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Credit Unions


Credit Unions Overview: Credit unions are non-profit cooperative financial institutions (similar to mutual companies owned by and operated for the benefit of their members. Credit unions fill a role similar to that of banks, taking in deposits and making loans. However, because they operate on a non-profit basis (and are generally exempt from taxes paid by banks), they tend to offer higher rates of interest on deposits and lower rates of interest on loans than do for-profit banks. Earnings may be returned to members as dividends.

History of Credit Unions: Credit unions as we know them today can be traced to a cooperative credit society founded in Germany in 1850, an outgrowth of a cooperatively-owned mill and bakery. In 1864, also in Germany, an organization called a credit union was established to assist farmers in purchasing livestock, equipment, seeds and the like. In 1900, Alphonse Desjardins of Quebec founded the first North American credit union, for the benefit of French-Canadians whom he found to be generally ill-served by banks. In 1909, he founded the first credit union in the U.S., to serve French-Canadian immigrants in Manchester, NH.

Membership of Credit Unions: Members of a credit union typically have to meet eligibility requirements, such as:

  • Residence in a given community or geographic area
  • Employment with a given company, university, hospital, school system, government, industry, etc.
  • Membership in an organization or association, many of which have social, professional, ethnic and/or religious affiliations

There also are low-income designated credit unions that serve low-income members in distressed areas, especially those underserved by conventional banks.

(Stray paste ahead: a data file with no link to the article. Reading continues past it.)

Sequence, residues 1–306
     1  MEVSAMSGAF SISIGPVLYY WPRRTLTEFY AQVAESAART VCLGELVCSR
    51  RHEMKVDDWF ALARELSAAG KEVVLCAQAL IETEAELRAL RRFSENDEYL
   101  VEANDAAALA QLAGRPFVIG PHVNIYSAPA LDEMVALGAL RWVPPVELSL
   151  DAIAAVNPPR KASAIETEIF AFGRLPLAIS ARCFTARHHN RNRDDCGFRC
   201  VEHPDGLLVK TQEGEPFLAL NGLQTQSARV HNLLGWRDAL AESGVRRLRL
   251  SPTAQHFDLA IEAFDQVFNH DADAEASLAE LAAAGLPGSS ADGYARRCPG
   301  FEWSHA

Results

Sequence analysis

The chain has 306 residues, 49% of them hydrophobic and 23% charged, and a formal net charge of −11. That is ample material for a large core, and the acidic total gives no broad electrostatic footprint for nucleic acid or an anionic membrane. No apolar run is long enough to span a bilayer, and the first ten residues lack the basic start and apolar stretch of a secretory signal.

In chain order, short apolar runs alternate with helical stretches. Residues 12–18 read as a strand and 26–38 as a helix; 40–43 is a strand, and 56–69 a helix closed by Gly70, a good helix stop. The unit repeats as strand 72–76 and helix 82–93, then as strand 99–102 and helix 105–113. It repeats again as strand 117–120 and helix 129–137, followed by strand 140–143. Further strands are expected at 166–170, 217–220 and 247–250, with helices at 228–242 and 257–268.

Increasingly, however, credit unions are being allowed to seek broader-based membership than their original charters presumed. This is often the case with credit unions founded to serve specific groups within a given geographic region that are today greatly diminished in numbers, such as employees of a company or industry that has scaled back or shut down, or immigrant groups that have since dispersed. As a result, the differences between such credit unions and banks are blurring, and the banking industry is understandably unhappy about having tax-exempt competitors that also are exempt from the Community Reinvestment Act.

Statistics on Credit Unions: The National Credit Union Association (NCUA), a federal regulatory agency, reports these figures as of year-end 2007 (treat these numbers as approximate, since the NCUA website is filled with conflicting information):

  • Total credit unions = 8,268
    • Federal credit unions = 5,036
    • State-chartered, federally-insured credit unions = 3,065
    • State-chartered, privately-insured credit unions = 167
  • Total assets = $754 billion
  • Total members = over 85 million
  • Total employees = over 200,000

Approximately 84% of credit unions have under $100 million in assets, for an average of $19 million each. They have an average of 417 members per employee. Operating expenses average 4.1% of assets.

Approximately 12% of credit unions have $100-500 million in assets, for an average of $216 million each. They have an average of 344 members per employee. Operating expenses average 3.8% of assets.

Approximately 4% of credit unions have over $500 million in assets, for an average of $1.4 billion each. They have an average of 381 members per employee. Operating expenses average 2.9% of assets.

For comparison, the pioneering Desjardins Group in the province of Quebec (which also has some offices in Ontario) claims to be the sixth-largest financial institution in Canada, reporting these figures as of year-end 2007:

  • Members = 5.8 million
  • Assets = C$144 billion
  • Locally-managed cooperatives within Desjardins = 536
  • Service centers (branch offices) = 919
  • Employees = 40,345
  • ATMs = 2,769

Note that the population of the province of Quebec is about 7.5 million, which indicates that Desjardins claims close to 75% of the population as members.

Positives: Credit unions appear to have pursued much more conservative lending policies than many major banks, and thus they generally have avoided much of the 2007-08 subprime and credit crises.

Negatives: The vast majority of credit unions will have modest operating budgets and levels of staffing. Accordingly, pay and promotional opportunities are likely to be commensurately limited. However, stability of employment is likely to be high, given the sound finances of credit unions so far.

Some credit unions have expanded into commercial lending, exposing themselves to greater risks.

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